Cancer patients, including those with ovarian cancer, report sleep disturbances at a higher rate than the general population. A significant proportion of cancer survivors (23% to 44%) experience insomnia even years after treatment.
Sleep disturbances are associated with fatigue and are considered part of the cancer symptom cluster, which also includes cognitive impairment and depressive mood, and greatly reduces the quality of life.
Pharmacologic and non-pharmacologic interventions, including exercise and cognitive-behavior therapy, have shown only modest benefits in the treatment of cancer-related fatigue.
Researchers evaluated the effectiveness of systematic light exposure, which had shown positive effects in breast cancer patients undergoing chemotherapy. Results showed that bright light therapy improved mean sleep efficiency – the ratio of time spent asleep compared to the total time spent in bed – to clinically normal levels. The study appeared in the Journal of Clinical Sleep Medicine..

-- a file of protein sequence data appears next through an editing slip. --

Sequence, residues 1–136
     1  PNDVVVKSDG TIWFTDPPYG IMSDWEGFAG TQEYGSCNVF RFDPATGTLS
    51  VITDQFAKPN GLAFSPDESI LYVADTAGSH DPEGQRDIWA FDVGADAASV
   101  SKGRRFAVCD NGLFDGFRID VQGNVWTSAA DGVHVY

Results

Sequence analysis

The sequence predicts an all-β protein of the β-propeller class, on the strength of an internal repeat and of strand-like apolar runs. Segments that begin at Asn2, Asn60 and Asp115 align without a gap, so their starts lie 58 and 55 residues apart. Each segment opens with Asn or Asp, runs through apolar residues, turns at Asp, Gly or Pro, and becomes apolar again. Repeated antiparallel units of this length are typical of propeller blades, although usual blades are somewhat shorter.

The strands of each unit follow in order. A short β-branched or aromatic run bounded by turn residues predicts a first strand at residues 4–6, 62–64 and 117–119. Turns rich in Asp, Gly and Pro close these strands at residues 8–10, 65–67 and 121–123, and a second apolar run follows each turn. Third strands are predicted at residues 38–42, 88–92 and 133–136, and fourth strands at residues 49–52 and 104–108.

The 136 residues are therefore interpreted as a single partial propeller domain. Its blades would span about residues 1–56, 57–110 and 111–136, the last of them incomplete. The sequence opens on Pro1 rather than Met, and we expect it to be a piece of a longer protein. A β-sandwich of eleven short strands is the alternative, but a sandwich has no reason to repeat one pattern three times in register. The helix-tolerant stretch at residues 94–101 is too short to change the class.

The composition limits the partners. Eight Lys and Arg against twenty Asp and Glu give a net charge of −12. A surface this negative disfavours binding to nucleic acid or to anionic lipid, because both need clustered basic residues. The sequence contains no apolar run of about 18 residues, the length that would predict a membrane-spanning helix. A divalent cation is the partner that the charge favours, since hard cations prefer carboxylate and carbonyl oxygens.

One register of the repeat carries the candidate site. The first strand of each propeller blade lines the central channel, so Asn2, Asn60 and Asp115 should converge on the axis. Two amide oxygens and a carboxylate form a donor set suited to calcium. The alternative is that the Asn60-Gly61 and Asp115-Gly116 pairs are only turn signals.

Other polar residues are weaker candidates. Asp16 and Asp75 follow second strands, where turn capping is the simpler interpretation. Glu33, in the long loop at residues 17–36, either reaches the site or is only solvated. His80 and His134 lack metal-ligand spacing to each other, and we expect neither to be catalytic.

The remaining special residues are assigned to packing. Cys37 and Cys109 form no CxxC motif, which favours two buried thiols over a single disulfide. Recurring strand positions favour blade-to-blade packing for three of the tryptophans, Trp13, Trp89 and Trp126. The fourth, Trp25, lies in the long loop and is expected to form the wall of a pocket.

This improvement was observed even three weeks after the intervention. In comparison, participants exposed to the dim light did not experience benefits in sleep efficiency.